The U.S. Fish and Wildlife Service today announced $864,689 in federal funding to the Michigan Department of Natural Resources to implement its “Diverse Grassland Complexes for Species of Greatest Conservation Need” competitive grant proposal. The funding total amounts to more than $1.2 million when combined with a $388,500 non-federal match from other partners.

Michigan’s Wildlife Action Plan details conservation action plans that will be implemented on at least 65 sites in the state:  Its four primary objectives are to:

  • Restore and enhance 400 acres of grasslands, prairies, savannas, many of which are on private lands.
  • Plant 1,350 acres of native prairie grasses and forbs.
  • Write conservation plans for 35 of the 65 project sites.
  • Beneficially impact the Species of Greatest Conservation Need that utilize the above habitats.

The federally endangered Karner blue butterfly, along with the grasshopper sparrow, Henslow’s sparrow, and northern harrier, are among the more than 115 SGCN that will advance as a result.

These communities and species are considered conservation priorities due to their rarity, biodiversity value and their dependence on private land management. The most significant threats to grasslands in Michigan are invasive plants, altered fire regimes and landscape fragmentation. Proposed conservation actions to address these threats include exotic and invasive species control, prescribed fire, mechanical treatment, private landowner partnerships, and the establishment of habitat connections. Increased viability for the above species will result.

These competitive grants enable states to work with private landowners, conservation groups and other government agencies to initiate conservation planning efforts and acquire and protect habitat to support the conservation of threatened and endangered species.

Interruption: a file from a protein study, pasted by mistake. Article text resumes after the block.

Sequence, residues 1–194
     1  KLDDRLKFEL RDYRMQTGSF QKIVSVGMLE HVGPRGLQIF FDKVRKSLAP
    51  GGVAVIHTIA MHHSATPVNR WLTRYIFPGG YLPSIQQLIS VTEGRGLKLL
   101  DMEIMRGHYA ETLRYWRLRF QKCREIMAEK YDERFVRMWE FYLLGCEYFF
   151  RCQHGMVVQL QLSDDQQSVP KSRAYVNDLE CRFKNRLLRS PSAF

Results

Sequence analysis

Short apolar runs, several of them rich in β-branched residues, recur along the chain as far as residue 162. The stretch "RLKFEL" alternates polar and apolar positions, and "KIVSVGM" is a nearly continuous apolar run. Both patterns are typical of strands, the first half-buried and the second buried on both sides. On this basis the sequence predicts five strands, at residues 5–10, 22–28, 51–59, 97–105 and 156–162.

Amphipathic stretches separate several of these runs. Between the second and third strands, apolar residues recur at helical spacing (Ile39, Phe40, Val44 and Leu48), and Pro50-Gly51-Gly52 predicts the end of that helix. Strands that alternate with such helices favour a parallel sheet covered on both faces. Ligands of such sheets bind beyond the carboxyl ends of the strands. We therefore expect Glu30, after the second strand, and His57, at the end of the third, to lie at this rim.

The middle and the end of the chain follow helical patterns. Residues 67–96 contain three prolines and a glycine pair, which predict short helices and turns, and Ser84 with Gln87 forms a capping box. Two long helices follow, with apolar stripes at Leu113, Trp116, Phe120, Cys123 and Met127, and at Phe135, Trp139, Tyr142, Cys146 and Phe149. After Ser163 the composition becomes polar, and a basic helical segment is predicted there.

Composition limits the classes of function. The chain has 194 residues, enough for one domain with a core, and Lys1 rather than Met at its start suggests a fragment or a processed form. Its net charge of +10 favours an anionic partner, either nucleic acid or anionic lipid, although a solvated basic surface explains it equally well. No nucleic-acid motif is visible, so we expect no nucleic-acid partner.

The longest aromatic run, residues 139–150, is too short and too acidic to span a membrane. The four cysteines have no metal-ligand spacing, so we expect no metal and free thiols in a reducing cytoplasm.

“Michigan’s expansive proposal is an innovative solution that will undoubtedly beneficially impact the region,” said the Service’s Midwest Regional Director Tom Melius.  “This is a clear opportunity to implement a conservation plan that will secure the future of the Species of Greatest Conservation Need like the Karner blue butterfly. For that, I would like to thank all of our partners for their efforts and contributions.”

Conservation partners for this proposed work include the Michigan Chapter of The Nature Conservancy, Michigan Pheasants Forever, Ducks Unlimited, the National Wild Turkey Federation and the Michigan Natural Features Inventory.

More information on the Wildlife and Sport Fish Restoration Program in the Midwest is available at:  http://www.fws.gov/midwest/wsfr/ and http://wsfr75.com/

Image courtesy U.S Fish and Wildlife Service

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